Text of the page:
Butts -To foil or not to foil?

Discussion in 'Pork' started by buckeye024, Jul 30, 2009.

  1. buckeye024

    buckeye024 Smoke Blower

    ...that is the question.

    I've done several butts in the past two years since I got my first smoker. I'll be doing a butt early next week. But, I've always foiled around 160-170 degrees, and then put it in the oven to finish it off until 200 degrees. However this time I'm thinking of a change, I'm thinking of going the full distance...leaving it in the smoker without foil until 200 degrees. Is there a big difference? Is it worth it? Thoughts?
  2. rivet

    rivet Master of the Pit OTBS Member

    I thinks butts are the easiest thing in the worl to smoke and BBQ, maybe since they were the first thing I learned to do. I have never foiled them and never finished them off in the oven either. Always go to 200 plus in the smoker over wood.

    I say you give it a chance, you;ll be surprised at how nice they come out and the bark can't be beat.

    Good smokes to you, bud!
  3. coyote-1

    coyote-1 Smoking Fanatic

    At a certain point, you no longer need smoke.... that's the point where you lose nothing by moving it to the oven. And if you foil it in a pan, you GAIN juices that otherwise would be lost.

    But you certainly could try to smoke it un-foiled the entire way. Maybe you'll dig the results! Can't hurt to try it once, right?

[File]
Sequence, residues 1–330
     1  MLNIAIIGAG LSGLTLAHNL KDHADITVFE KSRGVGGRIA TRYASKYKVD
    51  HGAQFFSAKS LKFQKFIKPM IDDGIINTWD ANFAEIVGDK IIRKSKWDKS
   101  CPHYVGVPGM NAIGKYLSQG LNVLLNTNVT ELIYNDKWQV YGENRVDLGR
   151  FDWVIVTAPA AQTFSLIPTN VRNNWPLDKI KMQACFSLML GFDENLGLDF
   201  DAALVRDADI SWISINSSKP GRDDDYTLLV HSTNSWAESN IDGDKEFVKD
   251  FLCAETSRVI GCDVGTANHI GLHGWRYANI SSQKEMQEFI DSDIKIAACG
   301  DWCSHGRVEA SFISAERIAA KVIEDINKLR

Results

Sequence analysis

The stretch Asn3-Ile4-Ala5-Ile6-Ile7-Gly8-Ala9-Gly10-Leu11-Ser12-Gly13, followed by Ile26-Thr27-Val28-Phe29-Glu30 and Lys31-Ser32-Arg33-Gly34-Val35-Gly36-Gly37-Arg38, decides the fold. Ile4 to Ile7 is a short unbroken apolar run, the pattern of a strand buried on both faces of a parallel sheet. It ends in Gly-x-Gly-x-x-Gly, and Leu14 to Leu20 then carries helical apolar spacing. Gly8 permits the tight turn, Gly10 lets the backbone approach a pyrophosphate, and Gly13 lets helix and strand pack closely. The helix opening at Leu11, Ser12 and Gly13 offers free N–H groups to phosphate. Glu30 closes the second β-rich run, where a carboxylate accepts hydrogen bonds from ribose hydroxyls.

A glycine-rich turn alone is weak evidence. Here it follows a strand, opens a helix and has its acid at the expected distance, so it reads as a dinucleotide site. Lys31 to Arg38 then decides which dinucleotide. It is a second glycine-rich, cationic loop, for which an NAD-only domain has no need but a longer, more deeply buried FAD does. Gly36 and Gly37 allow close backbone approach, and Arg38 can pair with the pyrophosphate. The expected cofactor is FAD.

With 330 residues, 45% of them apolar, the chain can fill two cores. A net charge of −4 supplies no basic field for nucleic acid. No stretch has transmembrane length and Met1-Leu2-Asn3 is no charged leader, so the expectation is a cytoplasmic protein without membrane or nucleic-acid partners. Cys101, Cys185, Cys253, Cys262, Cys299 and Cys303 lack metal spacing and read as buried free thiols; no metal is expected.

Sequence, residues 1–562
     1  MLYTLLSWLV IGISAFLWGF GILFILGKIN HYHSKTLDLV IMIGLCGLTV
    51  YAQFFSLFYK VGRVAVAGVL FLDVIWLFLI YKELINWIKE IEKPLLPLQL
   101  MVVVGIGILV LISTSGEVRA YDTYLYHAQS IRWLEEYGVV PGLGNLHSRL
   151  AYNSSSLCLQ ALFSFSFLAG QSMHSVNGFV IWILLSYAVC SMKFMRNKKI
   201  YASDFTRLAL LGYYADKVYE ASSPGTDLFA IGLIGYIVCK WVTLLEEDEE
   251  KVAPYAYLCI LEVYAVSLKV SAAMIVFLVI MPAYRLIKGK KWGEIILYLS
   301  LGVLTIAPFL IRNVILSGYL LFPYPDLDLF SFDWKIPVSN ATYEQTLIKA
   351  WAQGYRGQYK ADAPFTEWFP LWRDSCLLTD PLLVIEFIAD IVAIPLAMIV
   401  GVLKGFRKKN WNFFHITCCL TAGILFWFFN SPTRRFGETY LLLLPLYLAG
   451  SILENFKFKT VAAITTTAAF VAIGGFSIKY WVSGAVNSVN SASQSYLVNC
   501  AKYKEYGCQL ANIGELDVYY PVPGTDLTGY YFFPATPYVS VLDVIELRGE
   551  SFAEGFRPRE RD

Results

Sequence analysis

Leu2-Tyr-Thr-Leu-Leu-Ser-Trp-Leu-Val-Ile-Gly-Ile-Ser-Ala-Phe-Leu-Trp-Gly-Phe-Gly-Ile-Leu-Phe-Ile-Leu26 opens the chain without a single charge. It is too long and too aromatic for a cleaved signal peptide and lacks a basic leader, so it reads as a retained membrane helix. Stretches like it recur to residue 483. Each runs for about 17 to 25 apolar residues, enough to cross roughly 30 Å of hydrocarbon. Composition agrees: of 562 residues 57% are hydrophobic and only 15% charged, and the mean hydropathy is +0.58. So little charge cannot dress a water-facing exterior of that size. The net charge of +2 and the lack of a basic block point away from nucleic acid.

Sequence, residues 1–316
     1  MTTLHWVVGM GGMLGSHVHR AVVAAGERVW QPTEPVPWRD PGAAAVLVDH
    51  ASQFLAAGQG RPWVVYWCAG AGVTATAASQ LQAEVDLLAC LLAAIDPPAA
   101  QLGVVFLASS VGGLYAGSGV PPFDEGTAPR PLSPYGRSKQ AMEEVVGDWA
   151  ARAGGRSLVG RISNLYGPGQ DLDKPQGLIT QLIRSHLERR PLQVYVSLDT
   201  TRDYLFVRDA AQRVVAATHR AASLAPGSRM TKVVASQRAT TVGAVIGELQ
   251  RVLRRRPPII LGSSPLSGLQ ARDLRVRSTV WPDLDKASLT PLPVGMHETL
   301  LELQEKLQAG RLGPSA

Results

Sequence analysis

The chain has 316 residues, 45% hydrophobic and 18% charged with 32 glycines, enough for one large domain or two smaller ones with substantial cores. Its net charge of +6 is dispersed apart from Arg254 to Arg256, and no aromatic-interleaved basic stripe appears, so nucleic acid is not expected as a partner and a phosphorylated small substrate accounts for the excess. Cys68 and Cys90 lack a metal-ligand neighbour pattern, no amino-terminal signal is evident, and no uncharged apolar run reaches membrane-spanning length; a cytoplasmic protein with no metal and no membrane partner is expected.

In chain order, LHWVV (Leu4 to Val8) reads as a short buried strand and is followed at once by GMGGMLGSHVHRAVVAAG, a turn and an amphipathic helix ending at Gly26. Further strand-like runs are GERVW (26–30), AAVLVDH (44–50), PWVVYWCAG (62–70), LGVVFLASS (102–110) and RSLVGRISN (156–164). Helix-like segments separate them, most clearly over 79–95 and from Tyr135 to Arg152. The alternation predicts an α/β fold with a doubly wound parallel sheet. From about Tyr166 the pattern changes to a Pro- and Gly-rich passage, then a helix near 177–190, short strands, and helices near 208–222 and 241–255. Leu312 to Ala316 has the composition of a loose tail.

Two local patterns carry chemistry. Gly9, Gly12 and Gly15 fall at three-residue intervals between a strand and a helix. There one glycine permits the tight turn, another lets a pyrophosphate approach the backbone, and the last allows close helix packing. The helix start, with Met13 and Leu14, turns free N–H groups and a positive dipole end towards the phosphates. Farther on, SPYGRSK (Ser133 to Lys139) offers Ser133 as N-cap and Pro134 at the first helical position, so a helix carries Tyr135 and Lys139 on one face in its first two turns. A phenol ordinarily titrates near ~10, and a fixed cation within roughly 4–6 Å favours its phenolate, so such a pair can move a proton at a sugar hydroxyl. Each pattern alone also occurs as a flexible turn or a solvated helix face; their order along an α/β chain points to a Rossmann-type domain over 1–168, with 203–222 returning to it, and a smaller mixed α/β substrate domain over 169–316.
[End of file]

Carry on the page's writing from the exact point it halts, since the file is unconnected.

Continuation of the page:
4. waysideranch

    waysideranch Master of the Pit OTBS Member SMF Premier Member

    We foil about 90% of the time at 160 but the other times the pork turned out very good as well. The "oven", no. Never. Good luck.
  5. danbury

    danbury Smoking Fanatic

    I'm with Rivet on this one. I stopped foiling things years ago and short of a downpour that makes it impossible to continue to cook on my UDS, I'll never use the oven. I just have this thing about pork steaming in a puddle of something and I like the extra little bit of bark from no foil. You do have to try and shoot for that 225 - 235 pit temperature throughout though.

    Coyote-1 is correct though with regards to the smoke. The meat is only going to take on the smoke for so long and then other than a build up of creosote if you have "billowing yellow smoke", it's not going to take anymore.

    ** I'd be lying if I said I don't ever foil... there are a few things I do foil, but I always punch holes in the bottom so the liquid drips out. I think beef ribs is the only thing I do on occasion.
  6. flash

    flash Smoking Guru OTBS Member

    Where's my beating the dead horse Icon [​IMG]

    If you have 12 to 14 hours go for it, if not, foil and get done sooner. [​IMG]
  7. bigsteve

    bigsteve Master of the Pit

    Sounds like you got good reports doing it either way. If you do go the no-foil route, please post your opinion and observations of the difference.
  8. ajky

    ajky StickBurners

    i like to place the butt in a pan and cover with foil at 160 to 170. i take a apple and orange juice mix and add to the pan. about 60% apple and 40% orange. took this ideal from doing ribs. and cook in the smoker till 205. I know that the smoke isn't going to help any more, but i dont like to heat the house up with the oven. butts turn out really good this way. on my next smoke i have been thinking of using some pineapple juice, in place of my apple and orange juice. not sure how this will work? here a lot of people use pineapples when cooking hams.